• AnonymousHi, I just thought I'd say that you're one of the strongest "women" I know. My family lost my cousin nearly 3 years ago due to cancer, and he was 15.. But you still seem so bright and happy. My aunt and my other cousins always use the excuse as "My brother/son is dead, you except me to do that?!" I was wondering if it was normal or if it's just them thinking of themselves?
  • Thank you :) also, everyone grieves in their own way.. I lost my princess when she was a few hours old. Now, I miss her dearly, and my love runs deeper than the depths of all the ocean and far greater than the universe itself. Without hesitation, I would give my own life to have her back with my husband and my son.

    However, I was also blessed with a little boy, a healthy baby boy, who couldn’t be any more PERFECT! He is the smile on my face and the warmth in my heart. Just holding him, gives me butterflies. I am indefinitely in love with my son, and although it hurts to not have my daughter here, I know she wants me to be happy for her brother.

    Not that I love my daughter any less, because we have an unbreakable bond, but your cousin was 15.. He has spent much more time with his family. Memories have been made. I’ve grown my daughter and held her, but I didn’t have 15 years with her.

    Understandably, the grieving process would be much longer. Also, cancer is a horrible thing. I’m sure they fought hard, and losing the battle can bring on many emotions. I don’t think they are being selfish. I think they are grieving the loss of their son/brother, who they have 15 years of memories made and time spent with.

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I’ll never punish my daughter for saying no.

The first time it comes out of her mouth, I’ll smile gleefully. As she repeats “No! No! No!” I’ll laugh, overjoyed. At a young age, she’ll have mastered a wonderful skill. A skill I’m still trying to learn. I know I’ll have to teach her that she has to eat her vegetables, and she has to take a nap. But “No” is not wrong. It is not disobedience.

1. She will know her feelings are valid.
2. She will know that when I no longer guide her, she still has a right to refuse.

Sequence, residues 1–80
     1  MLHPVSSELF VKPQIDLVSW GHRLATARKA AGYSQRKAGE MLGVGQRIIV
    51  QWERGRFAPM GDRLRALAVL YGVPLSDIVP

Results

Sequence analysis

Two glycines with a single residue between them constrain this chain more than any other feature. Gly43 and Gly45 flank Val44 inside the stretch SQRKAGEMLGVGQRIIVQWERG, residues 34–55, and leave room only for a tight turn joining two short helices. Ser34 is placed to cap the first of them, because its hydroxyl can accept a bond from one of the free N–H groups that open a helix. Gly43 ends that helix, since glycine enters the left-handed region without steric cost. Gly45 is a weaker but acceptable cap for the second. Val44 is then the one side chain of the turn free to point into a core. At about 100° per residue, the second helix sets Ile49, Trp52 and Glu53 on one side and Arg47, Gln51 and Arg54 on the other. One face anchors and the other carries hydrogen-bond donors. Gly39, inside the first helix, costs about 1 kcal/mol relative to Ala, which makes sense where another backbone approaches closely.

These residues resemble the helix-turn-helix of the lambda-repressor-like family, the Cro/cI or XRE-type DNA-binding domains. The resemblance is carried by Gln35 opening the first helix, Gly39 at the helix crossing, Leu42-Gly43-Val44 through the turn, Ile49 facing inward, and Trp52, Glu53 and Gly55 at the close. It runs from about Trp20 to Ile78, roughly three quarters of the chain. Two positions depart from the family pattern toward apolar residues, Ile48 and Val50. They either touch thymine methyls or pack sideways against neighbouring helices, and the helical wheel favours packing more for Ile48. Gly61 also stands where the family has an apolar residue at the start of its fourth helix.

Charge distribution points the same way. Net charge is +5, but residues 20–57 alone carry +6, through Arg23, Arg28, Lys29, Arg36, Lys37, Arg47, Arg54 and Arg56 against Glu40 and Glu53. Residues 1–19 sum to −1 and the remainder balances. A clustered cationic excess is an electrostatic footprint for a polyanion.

The first time a boy pulls her hair after she says no, and the teacher tells her “boys will be boys,” we will go to her together, and explain that my daughter’s body is not a public amenity. That boy isn’t teasing her because he likes her, he is harassing her because it is allowed. I will not reinforce that opinion. If my son can understand that “no means no” so can everyone else’s.

3. She owes no one her silence, her time, or her cooperation.

The first time she tells a teacher, “No, that is wrong,” and proceeds to correct his public school, biased rhetoric, I’ll revel in the fact that she knows her history; that she knows our history. The first time she tells me “No” with the purpose and authority that each adult is entitled, I will stop. I will apologize. I will listen.

4. She is entitled to her feelings and her space. I, even a a parent, have no right to violate them.
5. No one has a right to violate them.

The first time my mother questions why I won’t make her kiss my great aunt at Christmas, I’ll explain that her space isn’t mine to control. That she gains nothing but self doubt when she is forced into unwanted affection. I’ll explain that “no” is a complete sentence. When the rest of my family questions why she is not made to wear a dress to our reunion dinner. I will explain that her expression is her own. It provides no growth to force her into unnecessary and unwanted situation.

6. She is entitled to her expression.

When my daughter leaves my home, and learns that the world is not as open, caring, and supportive as her mother, she will be prepared. She will know that she can return if she wishes, that the real world can wait. She will not want to. She will not need to. I will have prepared her, as much as I can, for a world that will try to push her down at every turn.

7. She is her own person. She is complete as she is.

I will never punish my daughter for saying no. I want “No” to be a familiar friend. I never want her to feel that she cannot say it. She will know how to call on “No” whenever it is needed, or wanted.

Lessons I Will Teach, Because the World Will Not — Y.S. (via poetryinspiredbyyou)

xgomezxaddamsx

(via nai-volva)

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